When I cross Cuernavaca Road, I think of Sherry.
Not for any momentous reason. It’s that I have an associative memory, plus I’ve lived in this community for an actual long time now. Growing up, I moved nearly every other year, so I’m entertained that I at last have layered place-memories.
Sherry is a warm and briskly matter-of-fact person. I met her through Girl Scouts, where she is a great fit. The part of town she lives in? Less of a match, I think—it’s in one of the well-to-do areas of town. To put it mildly. While I can see her moving smoothly through any social circles, showing off money is not her style.
But then, when Sherry bought her house it would have been halfway to nowhere. The five-lane highway I zipped down to get there was then only two lanes wide, and there were large expanses of untouched scrubby hillside surrounding it. I have another Girl Scout friend on a similar property…a lot so large we’re holding troop camping training on it, yet only three turns away from a fast-growing corridor.
I like having lived here long enough to know these places, and the people who chose them. I think this older Austin, of rancher-artisans, is the foundation of the city character that draws people here. The amazing food scene, the tech-forward lifestyle, the live music in every cafe are certainly fun. But the combination of reflexive outdoorsiness and practical nonchalance that came before those things set the tone that visitors remark. The vibe that I enjoy reinforcing.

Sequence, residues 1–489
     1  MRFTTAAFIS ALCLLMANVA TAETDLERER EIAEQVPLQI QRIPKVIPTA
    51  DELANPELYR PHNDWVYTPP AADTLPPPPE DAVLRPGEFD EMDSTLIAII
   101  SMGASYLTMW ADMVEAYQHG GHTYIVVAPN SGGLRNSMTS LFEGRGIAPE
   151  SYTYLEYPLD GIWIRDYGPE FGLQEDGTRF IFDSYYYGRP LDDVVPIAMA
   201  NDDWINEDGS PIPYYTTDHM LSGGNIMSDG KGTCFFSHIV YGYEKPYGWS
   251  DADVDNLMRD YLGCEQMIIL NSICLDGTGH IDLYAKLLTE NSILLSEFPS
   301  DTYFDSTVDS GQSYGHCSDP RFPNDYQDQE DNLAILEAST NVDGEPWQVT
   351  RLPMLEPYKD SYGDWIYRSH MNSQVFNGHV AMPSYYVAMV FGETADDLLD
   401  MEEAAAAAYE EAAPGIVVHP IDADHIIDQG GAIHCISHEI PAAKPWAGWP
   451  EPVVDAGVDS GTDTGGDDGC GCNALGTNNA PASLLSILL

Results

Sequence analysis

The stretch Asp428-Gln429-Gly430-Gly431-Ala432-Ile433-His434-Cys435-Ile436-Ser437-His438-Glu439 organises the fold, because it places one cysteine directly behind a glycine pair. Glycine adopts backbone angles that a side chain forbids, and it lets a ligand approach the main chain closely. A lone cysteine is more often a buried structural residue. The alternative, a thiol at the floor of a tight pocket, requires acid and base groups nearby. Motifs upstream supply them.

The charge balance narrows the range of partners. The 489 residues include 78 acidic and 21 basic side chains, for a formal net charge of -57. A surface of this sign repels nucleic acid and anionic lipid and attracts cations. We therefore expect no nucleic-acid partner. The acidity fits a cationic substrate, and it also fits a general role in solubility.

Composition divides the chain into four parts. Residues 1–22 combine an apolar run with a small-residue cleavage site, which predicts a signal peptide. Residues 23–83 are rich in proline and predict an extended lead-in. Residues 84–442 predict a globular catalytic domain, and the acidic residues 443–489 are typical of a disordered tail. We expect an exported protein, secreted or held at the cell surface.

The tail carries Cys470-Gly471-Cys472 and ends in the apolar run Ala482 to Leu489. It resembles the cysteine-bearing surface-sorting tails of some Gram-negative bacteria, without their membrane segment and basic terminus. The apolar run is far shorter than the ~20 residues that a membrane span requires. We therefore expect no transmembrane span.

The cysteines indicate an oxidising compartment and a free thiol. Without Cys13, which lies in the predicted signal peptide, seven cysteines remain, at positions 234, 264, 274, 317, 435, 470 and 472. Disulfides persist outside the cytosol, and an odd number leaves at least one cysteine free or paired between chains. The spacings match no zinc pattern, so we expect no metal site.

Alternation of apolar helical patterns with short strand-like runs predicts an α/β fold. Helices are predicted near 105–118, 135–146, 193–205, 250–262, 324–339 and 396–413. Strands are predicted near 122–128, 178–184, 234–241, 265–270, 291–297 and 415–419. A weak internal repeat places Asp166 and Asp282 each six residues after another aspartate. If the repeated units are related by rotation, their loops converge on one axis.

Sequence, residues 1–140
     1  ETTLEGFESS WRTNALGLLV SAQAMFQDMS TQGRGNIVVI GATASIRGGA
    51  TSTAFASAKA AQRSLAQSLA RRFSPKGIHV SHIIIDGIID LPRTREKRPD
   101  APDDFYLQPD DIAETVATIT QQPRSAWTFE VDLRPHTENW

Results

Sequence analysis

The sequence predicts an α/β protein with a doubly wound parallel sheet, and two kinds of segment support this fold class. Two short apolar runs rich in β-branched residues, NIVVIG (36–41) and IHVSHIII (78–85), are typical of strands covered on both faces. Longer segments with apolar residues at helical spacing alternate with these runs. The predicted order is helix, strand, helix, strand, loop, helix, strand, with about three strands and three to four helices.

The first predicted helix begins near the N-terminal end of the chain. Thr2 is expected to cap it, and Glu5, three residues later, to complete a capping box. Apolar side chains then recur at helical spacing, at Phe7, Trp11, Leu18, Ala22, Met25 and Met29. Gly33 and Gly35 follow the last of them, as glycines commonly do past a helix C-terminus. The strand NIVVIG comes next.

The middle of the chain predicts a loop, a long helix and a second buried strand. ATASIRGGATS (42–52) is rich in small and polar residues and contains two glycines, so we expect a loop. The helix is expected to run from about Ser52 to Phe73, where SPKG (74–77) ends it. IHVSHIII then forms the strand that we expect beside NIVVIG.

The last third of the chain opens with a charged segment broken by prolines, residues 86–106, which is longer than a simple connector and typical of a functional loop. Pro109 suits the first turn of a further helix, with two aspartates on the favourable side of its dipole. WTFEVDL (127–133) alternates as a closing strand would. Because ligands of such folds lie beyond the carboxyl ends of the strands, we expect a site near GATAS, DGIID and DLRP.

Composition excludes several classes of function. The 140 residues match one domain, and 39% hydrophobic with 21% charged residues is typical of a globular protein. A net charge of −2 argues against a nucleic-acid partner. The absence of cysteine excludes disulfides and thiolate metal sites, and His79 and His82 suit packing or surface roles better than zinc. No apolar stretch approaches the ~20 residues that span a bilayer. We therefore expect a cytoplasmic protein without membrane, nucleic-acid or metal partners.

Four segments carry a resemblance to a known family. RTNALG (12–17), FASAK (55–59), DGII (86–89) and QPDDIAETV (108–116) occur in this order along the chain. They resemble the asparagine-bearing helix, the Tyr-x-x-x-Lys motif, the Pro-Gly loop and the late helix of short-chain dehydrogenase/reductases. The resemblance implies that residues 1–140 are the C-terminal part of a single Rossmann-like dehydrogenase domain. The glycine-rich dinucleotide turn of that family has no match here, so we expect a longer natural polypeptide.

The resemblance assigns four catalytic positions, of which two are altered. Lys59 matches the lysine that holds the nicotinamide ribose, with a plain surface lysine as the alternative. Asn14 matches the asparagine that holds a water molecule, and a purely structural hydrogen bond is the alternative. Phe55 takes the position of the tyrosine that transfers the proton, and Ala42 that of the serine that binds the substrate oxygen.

Am I “Austin” inherently or did living here make me so?
That “hey, take a breath, what needs to happen next?” approach I started cultivating in high school. And then some of my earliest memories involve hiking…and walking through art museums. Would I still choose clothes that teeter between chic and casual if I didn’t live here? What about that particular brand of calmness that extends personal space even to the recognizably famous? I’ve never liked making a fuss…
I have wondered about whether we choose places based on our temperament or our temperament is shaped by our places ever since my assigned dorm/house in college turned out to be my best fit among those possible—on the raunchy side, but cheerful, with equal opportunity in all its rowdy pursuits. If there was a mud pit, we would be the ones rolling in the bottom of it. I ruined a shirt and shorts in a food fight*, which we went back and cleaned up after dinner.
Perhaps it’s a case of circular reinforcement within the frequency illusion: those personal and cultural elements that echo each other are the ones that one identifies with, and the non-matching ones are set aside.
But my outdoorsy, quit-fussing-and-let’s-DO this approach…and my love of all the foods!…sure do make it great to live here in the center of Texas.